My new novel, The End of the Point, begins in 1942 and ends in 1999 and is set almost entirely in a summer community on a two-mile long spit of land on Massachusetts’ Buzzards Bay. Inhabiting this story was, for me, an intricate and steady pleasure. Some of the time, I became the Scottish nanny character, Bea. Other days, I was a troubled young man, Charlie, born into privilege, trying to find himself during the Vietnam War, or his mother, Helen, a restless, fiery intellectual who loses her brother in World War II and later pins her highest hopes on Charlie, her eldest son.
Through all the time travel and imagining, my mind kept returning, again and again, to the paths, rocks and wind-scoured ledges of the little peninsula—the “almost island” of Ashaunt Point. Ashaunt takes its inspiration from a real place where my husband’s family has spent summers for generations; my relationship to both the real place and my invented one began as that of an outsider. Over time, as my writing brought me closer, I began to experience Ashaunt Point as the fourth central character in my book.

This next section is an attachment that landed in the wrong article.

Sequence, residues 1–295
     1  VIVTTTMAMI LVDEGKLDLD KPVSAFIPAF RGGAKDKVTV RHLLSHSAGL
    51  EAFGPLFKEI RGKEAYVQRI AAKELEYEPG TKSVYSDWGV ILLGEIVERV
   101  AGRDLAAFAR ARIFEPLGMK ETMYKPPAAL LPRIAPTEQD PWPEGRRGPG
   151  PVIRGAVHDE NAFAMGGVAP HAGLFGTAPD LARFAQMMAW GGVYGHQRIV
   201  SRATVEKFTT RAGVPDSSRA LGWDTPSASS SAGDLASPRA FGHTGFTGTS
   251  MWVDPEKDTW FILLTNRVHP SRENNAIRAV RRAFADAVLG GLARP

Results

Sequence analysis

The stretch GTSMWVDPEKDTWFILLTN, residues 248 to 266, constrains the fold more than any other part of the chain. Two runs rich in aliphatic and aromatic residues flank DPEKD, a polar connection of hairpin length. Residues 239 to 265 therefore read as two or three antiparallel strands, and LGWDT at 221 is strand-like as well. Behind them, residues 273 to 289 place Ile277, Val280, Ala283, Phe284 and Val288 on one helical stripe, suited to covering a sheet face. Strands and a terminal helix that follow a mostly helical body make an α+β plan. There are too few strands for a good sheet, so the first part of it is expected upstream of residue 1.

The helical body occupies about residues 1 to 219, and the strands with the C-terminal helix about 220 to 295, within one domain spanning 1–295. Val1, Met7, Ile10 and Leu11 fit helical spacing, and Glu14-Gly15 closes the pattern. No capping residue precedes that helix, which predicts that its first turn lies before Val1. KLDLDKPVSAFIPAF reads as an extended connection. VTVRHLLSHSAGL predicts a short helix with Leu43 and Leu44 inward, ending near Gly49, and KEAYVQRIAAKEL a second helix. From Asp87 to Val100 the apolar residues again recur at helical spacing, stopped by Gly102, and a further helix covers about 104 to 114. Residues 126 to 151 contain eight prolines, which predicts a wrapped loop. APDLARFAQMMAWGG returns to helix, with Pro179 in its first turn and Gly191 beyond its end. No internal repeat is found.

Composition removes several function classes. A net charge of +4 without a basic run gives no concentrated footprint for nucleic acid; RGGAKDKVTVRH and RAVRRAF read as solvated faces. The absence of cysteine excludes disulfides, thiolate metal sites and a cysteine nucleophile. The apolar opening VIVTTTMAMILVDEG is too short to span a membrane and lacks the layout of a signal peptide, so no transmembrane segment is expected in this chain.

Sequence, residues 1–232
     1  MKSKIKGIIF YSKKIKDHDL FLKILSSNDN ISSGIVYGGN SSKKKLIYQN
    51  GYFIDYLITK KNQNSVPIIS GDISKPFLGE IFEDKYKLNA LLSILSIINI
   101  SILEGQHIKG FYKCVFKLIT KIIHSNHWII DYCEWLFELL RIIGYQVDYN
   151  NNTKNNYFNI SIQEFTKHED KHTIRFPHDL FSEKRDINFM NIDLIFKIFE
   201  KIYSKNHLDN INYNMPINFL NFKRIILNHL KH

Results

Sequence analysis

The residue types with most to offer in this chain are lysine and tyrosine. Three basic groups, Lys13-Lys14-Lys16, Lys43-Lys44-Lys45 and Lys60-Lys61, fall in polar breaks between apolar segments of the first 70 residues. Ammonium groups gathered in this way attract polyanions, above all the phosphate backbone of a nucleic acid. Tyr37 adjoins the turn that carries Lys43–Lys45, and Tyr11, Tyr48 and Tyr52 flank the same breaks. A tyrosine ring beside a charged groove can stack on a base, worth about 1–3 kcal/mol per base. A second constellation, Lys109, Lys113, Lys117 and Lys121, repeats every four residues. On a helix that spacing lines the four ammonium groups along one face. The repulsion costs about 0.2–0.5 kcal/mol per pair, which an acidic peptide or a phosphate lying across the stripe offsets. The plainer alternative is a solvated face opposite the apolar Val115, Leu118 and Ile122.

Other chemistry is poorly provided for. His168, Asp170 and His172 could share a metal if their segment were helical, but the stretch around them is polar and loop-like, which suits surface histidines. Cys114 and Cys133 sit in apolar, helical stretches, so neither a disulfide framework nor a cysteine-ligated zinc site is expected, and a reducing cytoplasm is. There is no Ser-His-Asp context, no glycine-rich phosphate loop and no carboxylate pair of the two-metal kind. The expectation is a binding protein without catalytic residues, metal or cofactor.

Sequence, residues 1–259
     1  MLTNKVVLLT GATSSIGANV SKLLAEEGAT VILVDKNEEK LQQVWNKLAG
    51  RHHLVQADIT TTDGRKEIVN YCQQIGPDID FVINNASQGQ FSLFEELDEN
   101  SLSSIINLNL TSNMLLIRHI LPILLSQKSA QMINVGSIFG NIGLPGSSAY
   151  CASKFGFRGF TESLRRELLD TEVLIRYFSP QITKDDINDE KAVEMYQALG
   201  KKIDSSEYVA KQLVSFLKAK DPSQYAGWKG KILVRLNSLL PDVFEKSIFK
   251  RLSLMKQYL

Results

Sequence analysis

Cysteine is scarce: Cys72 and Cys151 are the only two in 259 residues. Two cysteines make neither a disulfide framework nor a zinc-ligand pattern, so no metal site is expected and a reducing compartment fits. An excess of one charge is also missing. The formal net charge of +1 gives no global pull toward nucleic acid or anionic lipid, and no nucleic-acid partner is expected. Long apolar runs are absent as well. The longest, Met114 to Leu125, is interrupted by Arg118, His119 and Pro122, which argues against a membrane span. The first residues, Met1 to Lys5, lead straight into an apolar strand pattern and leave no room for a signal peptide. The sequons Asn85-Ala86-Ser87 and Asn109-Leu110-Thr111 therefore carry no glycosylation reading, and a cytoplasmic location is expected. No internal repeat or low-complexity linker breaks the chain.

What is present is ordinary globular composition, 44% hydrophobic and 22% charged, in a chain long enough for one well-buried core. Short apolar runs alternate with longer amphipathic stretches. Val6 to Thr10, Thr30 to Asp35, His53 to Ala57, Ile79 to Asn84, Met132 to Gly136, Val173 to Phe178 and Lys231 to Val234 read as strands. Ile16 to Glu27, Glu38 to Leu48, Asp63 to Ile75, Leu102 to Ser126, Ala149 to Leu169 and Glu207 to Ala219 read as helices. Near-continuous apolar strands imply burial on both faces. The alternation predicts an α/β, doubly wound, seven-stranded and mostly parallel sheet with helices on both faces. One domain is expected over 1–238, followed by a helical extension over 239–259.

If place is central to The End of the Point, so, too, is the power of the written word. The people in this novel read. They read Wallace Stevens and W.H. Auden, nature guides, A Farewell to Arms, A Secret Garden, Anna Karenina, the Johnny Chuck books. They read romance novels, newspapers, real estate ads, and--oops!--each other’s diaries. And they write. Diaries, but also nature journals, letters of complaint, love letters, war letters. Postcards. Protest signs. Elegies. Messages in bottles, bobbling out to who knows where.
Place. The written word.
It is with particularly keen pleasure that I picture this novel making its way to a bookshelf, actual or virtual, where it can meet its readers.
Causes Elizabeth Graver Supports
Planned Parenthood, Save A Dog, Massachusetts Audubon Society, NOW